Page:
Exploring eco dyes through creativity

Mixed media artist Helen Coleman | credit: Beatte Kratt

Mandurah artist Helen Coleman combines her background in botany and chemistry with a passion for art to explore the eco-dye potential of local plant and earth materials.

Her use of natural dyes, inks and paint pigments is also inspired by archival records and stories of the way in which Aboriginal people and early European settlers of the Peel region extracted pigments for artistic and practical purposes.

Dyeing rope with Eucalyptus | credit: Matt Cook

For example, Noongar elder Barb Pickett recounted watching her grandmother dye kangaroo skins with marri bark, which were then used as blankets, while a local fisherman described how generations of his family also used the marri gum to tan fishing nets, protecting the fibres from the harsh estuary environment.

Helen’s scientific approach to her research includes testing the pigments extracted from local native species such as Eucalyptus, Acacia, Haemodorum and Drosera with mordants and pH modifiers, to improve fastness and extend the colour range.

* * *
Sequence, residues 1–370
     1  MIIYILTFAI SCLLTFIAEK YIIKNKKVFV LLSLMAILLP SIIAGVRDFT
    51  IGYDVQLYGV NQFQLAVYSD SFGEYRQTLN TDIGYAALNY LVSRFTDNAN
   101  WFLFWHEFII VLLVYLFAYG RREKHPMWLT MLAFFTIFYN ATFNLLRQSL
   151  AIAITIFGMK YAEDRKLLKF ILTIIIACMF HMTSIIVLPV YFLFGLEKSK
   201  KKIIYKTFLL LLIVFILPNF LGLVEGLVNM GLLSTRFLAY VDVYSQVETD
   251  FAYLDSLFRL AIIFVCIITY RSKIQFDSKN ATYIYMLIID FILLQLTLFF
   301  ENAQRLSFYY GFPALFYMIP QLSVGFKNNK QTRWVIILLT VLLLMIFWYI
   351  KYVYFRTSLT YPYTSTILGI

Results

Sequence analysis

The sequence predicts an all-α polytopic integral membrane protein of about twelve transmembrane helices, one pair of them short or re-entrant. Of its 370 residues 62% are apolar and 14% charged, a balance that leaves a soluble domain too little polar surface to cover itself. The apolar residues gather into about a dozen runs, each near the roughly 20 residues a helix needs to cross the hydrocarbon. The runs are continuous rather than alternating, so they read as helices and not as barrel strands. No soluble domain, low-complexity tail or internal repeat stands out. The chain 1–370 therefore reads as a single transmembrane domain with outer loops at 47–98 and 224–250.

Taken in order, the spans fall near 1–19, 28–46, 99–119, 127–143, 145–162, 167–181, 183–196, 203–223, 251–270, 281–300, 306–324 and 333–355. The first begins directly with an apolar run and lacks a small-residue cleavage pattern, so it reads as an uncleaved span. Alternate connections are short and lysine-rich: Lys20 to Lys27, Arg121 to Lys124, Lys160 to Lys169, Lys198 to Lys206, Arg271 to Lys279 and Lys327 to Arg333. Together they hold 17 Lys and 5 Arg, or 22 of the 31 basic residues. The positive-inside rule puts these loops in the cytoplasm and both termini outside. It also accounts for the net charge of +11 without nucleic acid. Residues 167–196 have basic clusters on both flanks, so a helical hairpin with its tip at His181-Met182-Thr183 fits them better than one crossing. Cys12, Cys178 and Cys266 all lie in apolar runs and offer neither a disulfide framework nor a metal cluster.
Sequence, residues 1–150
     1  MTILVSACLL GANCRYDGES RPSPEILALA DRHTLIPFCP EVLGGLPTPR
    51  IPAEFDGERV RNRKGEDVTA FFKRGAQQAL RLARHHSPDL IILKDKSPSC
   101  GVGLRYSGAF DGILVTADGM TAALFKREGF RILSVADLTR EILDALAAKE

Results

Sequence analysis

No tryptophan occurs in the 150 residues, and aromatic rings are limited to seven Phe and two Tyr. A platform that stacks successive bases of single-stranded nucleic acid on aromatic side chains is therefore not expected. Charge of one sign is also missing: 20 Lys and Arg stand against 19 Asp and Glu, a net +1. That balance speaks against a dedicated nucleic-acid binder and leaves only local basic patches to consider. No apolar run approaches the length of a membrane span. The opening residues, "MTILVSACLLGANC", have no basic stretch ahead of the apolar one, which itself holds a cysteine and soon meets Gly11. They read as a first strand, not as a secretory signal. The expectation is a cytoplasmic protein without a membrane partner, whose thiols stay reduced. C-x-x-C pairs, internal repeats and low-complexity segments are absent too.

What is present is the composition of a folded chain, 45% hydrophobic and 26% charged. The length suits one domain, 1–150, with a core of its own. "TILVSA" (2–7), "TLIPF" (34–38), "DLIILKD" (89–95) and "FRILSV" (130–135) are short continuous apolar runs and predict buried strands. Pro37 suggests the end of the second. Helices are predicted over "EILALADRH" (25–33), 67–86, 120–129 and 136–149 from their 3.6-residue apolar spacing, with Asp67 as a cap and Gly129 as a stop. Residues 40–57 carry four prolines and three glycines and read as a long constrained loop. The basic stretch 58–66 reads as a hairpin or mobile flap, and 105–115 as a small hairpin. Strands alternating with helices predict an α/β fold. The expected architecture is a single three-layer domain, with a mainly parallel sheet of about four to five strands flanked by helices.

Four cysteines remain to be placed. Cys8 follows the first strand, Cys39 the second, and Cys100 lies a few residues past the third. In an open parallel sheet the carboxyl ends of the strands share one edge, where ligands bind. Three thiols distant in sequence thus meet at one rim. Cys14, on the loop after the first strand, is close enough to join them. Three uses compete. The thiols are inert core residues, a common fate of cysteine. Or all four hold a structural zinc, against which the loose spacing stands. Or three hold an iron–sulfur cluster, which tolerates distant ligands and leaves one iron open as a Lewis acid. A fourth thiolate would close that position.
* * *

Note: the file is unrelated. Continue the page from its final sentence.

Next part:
During a two-year residency at Contemporary Art Spaces Mandurah she worked with the Mandurah City Council and local Noongar elders of the Koolbardies Talking Group to develop the Koolbardi Bidi (Magpie Path) garden honouring local Noongar culture. This garden contains 60 species of local native plants that have traditional significance to the Noongar people and contemporary uses as dyes, textiles or bush foods.

Helen will begin a new research project in 2022, to document the historical and contemporary uses of plant pigments in Western Australia’s vast range of native flora.

Meanwhile, she continues to enjoy sharing knowledge of eco-dyes and her two most recent workshops entitled Introduction to Natural Inks were both sold out. Information and booking details for further workshops at Helen’s Dye Pot Studio are at this link.